The ability for recreational boats together with their equipment to navigate free of customs procedures and time limits throughout the waters of the European Union is currently dependent on them having Union Goods status.

As the Government clarifies its future relationship with the EU VAT and Customs area, the RYA will endeavour to clarify the future status of recreational boats and to minimise any adverse impacts or unintended consequences once the UK leaves the EU.

Use of RYA Qualifications

The RYA aspires to maintain the acceptability of RYA instructor qualifications for use in RYA Recognised Training Centres located in EU member states.

Richard Falk, RYA Director of Training and Qualifications, says: "We have developed the quality, reputation and scope of RYA training schemes such that RYA-qualified instructors have access to what is the most extensive recreational boat training network within the European Union.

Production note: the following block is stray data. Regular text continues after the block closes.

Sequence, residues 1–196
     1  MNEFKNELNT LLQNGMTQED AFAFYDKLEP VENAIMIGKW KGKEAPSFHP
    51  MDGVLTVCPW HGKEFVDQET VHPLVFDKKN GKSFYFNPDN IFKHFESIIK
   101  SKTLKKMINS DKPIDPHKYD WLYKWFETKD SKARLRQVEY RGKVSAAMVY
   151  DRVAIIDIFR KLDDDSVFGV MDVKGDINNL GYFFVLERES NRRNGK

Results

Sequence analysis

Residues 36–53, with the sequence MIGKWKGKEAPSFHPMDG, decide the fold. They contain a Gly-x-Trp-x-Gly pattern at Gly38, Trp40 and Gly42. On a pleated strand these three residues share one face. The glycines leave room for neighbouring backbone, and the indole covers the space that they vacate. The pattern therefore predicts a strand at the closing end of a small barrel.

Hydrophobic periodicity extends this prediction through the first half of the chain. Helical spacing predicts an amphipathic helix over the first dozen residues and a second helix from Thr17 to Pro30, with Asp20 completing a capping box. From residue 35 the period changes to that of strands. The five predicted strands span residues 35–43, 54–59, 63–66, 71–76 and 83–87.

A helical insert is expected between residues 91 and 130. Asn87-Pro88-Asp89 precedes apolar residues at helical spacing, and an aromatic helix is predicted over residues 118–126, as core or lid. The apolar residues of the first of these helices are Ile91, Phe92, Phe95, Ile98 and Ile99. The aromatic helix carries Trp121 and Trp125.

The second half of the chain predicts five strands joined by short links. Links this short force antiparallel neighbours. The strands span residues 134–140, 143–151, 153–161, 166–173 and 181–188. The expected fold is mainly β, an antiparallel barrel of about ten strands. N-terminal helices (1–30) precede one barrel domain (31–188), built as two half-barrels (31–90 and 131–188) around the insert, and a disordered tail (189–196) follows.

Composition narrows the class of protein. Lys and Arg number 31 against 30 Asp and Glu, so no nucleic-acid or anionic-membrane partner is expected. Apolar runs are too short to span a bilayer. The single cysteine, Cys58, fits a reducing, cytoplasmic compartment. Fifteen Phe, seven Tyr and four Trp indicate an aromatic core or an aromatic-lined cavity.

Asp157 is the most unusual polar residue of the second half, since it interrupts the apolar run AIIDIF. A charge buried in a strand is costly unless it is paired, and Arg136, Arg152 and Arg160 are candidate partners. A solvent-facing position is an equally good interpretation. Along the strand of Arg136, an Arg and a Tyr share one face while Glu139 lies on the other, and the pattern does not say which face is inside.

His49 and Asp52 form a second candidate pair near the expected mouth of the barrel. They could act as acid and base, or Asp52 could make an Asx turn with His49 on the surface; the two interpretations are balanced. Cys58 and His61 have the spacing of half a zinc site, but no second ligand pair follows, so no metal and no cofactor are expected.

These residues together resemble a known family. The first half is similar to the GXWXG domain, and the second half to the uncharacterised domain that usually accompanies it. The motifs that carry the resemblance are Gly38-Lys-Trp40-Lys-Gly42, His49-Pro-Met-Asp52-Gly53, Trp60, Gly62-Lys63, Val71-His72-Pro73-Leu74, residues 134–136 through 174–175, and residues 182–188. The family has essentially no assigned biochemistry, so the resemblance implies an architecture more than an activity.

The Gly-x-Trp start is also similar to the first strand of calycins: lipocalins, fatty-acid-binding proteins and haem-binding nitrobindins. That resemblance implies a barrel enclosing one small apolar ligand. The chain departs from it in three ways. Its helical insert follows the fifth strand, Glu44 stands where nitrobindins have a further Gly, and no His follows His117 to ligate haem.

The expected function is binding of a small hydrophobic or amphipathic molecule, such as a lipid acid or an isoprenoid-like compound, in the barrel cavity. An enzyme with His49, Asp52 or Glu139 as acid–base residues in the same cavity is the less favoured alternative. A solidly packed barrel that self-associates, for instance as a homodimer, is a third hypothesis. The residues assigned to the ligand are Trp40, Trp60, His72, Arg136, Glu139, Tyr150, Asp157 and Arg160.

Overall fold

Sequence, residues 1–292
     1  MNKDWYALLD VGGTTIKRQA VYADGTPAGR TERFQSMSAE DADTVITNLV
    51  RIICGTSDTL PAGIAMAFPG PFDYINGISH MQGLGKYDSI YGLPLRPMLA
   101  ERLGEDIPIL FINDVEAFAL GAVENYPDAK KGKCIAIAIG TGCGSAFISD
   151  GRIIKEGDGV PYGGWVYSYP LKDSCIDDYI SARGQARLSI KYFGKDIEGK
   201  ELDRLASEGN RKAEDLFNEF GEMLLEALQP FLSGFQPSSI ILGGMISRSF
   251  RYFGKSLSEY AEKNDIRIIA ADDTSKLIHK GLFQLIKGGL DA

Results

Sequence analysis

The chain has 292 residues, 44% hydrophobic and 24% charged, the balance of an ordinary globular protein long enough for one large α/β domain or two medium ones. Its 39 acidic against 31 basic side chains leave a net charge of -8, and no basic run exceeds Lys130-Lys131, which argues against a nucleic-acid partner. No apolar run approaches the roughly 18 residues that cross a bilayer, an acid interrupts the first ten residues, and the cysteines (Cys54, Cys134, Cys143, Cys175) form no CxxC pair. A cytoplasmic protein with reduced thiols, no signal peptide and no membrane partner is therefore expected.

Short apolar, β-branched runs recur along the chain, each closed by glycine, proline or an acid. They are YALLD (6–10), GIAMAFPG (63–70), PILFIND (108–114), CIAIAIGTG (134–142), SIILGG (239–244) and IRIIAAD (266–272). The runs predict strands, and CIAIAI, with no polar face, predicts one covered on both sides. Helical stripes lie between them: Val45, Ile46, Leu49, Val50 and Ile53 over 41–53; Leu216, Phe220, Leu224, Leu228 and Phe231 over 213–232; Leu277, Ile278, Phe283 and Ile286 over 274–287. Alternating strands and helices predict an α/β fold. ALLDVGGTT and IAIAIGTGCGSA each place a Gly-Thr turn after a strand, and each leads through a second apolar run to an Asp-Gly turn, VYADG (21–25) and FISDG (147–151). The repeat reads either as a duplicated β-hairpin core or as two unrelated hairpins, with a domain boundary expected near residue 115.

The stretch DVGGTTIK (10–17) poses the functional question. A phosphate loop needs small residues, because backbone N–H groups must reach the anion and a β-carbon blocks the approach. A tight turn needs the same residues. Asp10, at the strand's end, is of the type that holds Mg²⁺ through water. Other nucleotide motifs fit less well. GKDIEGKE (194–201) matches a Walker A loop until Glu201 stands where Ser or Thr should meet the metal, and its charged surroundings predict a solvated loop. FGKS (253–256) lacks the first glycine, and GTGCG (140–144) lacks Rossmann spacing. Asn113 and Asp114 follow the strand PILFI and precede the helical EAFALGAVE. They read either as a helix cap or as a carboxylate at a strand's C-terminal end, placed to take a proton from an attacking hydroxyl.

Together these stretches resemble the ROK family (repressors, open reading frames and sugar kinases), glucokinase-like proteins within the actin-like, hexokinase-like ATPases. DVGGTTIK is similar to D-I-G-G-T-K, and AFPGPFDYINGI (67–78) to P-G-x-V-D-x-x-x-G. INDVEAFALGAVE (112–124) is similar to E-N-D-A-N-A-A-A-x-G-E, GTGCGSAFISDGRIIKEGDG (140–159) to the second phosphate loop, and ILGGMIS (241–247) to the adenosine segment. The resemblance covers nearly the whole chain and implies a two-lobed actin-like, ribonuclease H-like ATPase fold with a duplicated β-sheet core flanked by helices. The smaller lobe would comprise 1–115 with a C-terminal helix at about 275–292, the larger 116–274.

"We believe that holders of RYA instructor qualifications wishing to instruct at RYA Recognised Training Centres located in EU member states should continue to be able to do so with minimal additional regulatory, financial or administrative burdens.

"To achieve this, we are developing stronger links with the Department for Business, Energy and Industrial Strategy and the Department for Exiting the European Union, as well as other relevant departments and agencies, to ensure that this position is taken into account by policy-makers.